(a) wherein the entire surface, facing the plasma, of the RF electrode is covered with a substrate bed(s) and detachable dielectric members;
(b) wherein the substrate support(s) comprises a dielectric portion having a surface for placing thereon a substrate and a conductive portion provided just under the dielectric portion and being equipotential in terms of direct current to the RF electrode;
(c) wherein a gap extension(s) constituted of a gap(s) between the dielectric members, a gap(s) between the dielectric members and the substrate support(s), etc. and ranging from the above-mentioned surface of the RF electrode to the space of the plasma is so zigzag dimensioned in cross section perpendicular to the RF electrode that the space of the plasma cannot structurally be viewed from the above-mentioned surface of the RF electrode; and
(d) wherein the RF electrode is provided with means for applying thereto through a radio frequency filter a negative DC voltage having a larger absolute value than that of a negative self-bias voltage induced by plasma discharge during radio frequency power supply.
In the dry etching apparatus of the present invention having the foregoing structure, since the conductive portion(s) [i.e., the main body (bodies) of the substrate support(s)] surrounded by the dielectric portion(s) serves as an electrostatic chucking electrode(s) which is equipotential in terms of direct current to the RF electrode, no particular lead wire or the like for applying therethrough a DC voltage to the main body (bodies) of the substrate bed(s), as the electrostatic chucking electrodes, are needed. Accordingly, it is suffice to apply a DC voltage directly to the RF electrode for electrostatic chucking. This permits the structure of the dry etching apparatus to be simplified.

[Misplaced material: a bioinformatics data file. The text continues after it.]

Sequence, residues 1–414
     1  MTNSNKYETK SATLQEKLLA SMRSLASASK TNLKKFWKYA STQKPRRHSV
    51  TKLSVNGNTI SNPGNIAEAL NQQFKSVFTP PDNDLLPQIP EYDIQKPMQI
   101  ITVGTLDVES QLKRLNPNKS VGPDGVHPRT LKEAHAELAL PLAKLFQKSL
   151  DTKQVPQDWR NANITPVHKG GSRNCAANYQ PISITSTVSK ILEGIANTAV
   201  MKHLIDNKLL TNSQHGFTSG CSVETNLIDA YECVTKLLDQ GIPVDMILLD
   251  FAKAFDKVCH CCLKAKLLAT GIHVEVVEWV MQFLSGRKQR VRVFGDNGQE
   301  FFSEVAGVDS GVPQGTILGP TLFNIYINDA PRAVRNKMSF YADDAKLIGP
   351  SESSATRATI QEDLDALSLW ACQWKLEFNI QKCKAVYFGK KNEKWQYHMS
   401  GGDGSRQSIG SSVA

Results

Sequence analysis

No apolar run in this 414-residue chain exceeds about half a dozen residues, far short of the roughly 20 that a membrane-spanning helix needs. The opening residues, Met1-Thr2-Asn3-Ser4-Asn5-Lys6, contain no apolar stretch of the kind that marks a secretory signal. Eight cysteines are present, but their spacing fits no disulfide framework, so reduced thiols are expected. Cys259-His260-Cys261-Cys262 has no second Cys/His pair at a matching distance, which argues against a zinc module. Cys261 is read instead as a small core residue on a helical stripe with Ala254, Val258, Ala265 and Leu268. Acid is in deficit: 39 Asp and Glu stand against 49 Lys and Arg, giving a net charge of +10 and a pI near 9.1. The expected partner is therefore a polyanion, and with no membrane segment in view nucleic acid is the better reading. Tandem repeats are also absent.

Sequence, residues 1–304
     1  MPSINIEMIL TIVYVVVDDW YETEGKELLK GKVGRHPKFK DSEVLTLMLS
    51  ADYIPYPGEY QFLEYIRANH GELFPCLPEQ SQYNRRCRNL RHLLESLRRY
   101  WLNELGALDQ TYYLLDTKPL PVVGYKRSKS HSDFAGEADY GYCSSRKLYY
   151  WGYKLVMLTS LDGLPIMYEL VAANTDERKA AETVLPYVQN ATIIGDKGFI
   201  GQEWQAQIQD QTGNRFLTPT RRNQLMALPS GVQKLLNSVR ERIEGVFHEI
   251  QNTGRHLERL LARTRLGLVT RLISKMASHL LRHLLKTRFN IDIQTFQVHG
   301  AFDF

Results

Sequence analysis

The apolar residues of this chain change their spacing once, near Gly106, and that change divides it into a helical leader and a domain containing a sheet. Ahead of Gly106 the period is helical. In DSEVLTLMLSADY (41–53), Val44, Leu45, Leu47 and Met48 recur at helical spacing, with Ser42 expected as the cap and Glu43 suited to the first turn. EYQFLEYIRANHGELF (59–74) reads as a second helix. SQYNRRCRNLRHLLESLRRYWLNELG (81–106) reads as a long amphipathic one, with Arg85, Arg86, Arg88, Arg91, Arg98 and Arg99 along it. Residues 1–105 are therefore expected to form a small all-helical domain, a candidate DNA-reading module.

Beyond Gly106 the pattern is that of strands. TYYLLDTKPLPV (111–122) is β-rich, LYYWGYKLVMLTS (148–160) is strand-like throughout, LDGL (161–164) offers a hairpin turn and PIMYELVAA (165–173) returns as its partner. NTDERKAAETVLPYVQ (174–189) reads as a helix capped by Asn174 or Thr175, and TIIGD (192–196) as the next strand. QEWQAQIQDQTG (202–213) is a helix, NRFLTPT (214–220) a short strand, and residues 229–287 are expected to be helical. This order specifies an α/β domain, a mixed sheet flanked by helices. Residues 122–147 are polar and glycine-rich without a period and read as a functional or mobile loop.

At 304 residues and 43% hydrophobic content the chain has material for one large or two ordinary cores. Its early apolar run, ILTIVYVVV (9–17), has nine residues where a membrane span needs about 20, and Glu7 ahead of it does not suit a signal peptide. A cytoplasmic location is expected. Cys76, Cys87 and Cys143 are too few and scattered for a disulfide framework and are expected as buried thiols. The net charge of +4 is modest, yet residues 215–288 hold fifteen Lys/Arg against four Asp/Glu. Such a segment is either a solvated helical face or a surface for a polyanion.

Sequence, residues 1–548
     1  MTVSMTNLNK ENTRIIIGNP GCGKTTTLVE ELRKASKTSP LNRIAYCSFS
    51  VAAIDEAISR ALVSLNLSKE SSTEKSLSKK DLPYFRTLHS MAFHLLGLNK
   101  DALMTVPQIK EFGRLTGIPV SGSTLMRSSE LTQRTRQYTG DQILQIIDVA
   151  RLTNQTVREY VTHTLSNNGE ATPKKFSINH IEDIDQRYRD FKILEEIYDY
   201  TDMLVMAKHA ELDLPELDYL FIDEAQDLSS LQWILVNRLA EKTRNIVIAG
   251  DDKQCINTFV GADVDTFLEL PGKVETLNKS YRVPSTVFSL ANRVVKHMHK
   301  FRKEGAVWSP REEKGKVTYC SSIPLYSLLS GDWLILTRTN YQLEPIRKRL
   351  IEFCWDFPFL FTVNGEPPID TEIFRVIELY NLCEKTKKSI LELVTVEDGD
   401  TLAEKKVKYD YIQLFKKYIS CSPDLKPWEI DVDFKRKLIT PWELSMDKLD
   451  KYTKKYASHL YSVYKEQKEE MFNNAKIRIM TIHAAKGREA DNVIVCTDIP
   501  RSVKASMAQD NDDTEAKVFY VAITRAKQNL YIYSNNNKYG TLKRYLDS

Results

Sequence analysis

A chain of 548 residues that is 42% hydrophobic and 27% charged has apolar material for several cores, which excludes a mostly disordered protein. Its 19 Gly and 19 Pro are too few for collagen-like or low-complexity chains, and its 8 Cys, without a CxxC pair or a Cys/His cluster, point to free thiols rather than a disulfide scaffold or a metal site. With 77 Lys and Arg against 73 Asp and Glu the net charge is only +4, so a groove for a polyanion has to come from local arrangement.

Further, since the value of ionic current is characteristically saturated at a low level no matter how much the absolute value of the negative DC voltage applied to the RF electrode may be raised, a sufficiently high voltage can be applied, through the dielectric portion(s), between the substrate(s) and the conductive portion(s) positioned just under the dielectric portions of the substrate bed(s) to make a large electrostatic chucking force available.
Additionally stated, attraction between the substrate(s) and the substrate supports(s) works only during a dry etching operation just as in the case of conventional apparatuses to facilitate attachment and detachment of the substrate before and after, respectively, the dry etching operation.
The structure of the dry etching apparatus of the g present invention does not allow "electrons" to flow in direct current fashion or mode from the plasma into the RF electrode not only because the surface of the RF electrode is perfectly covered with the detachable dielectric members and the substrate support(s) having a dielectric portion having a surface for placing thereon a substrate--while the gap extension(s), or gap continuum(s), constituted of a gap(s) between the dielectric members, a gap(s) between the dielectric members and the substrate bed(s), etc.--is crooked (i.e., zigzag) in cross section perpendicular to the RF electrode, but also because the negative DC voltage applied to the RF electrode has a larger absolute value than that of the negative self-bias voltage induced in the substrate(s) during discharge